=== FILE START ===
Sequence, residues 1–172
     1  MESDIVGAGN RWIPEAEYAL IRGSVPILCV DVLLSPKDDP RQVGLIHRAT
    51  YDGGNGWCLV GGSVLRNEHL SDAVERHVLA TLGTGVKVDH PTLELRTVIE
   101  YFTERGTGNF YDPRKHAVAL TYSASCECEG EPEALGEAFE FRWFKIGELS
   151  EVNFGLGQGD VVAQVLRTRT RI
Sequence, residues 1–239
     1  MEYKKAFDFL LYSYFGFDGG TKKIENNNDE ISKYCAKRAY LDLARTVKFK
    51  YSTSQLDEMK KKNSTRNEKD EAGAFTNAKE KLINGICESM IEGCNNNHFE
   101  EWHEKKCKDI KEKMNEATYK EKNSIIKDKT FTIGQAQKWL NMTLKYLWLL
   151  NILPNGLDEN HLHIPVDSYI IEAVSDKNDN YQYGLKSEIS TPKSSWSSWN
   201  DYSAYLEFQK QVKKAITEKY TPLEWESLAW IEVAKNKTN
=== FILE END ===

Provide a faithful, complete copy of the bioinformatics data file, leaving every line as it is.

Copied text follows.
Sequence, residues 1–172
     1  MESDIVGAGN RWIPEAEYAL IRGSVPILCV DVLLSPKDDP RQVGLIHRAT
    51  YDGGNGWCLV GGSVLRNEHL SDAVERHVLA TLGTGVKVDH PTLELRTVIE
   101  YFTERGTGNF YDPRKHAVAL TYSASCECEG EPEALGEAFE FRWFKIGELS
   151  EVNFGLGQGD VVAQVLRTRT RI
Sequence, residues 1–239
     1  MEYKKAFDFL LYSYFGFDGG TKKIENNNDE ISKYCAKRAY LDLARTVKFK
    51  YSTSQLDEMK KKNSTRNEKD EAGAFTNAKE KLINGICESM IEGCNNNHFE
   101  EWHEKKCKDI KEKMNEATYK EKNSIIKDKT FTIGQAQKWL NMTLKYLWLL
   151  NILPNGLDEN HLHIPVDSYI IEAVSDKNDN YQYGLKSEIS TPKSSWSSWN
   201  DYSAYLEFQK QVKKAITEKY TPLEWESLAW IEVAKNKTN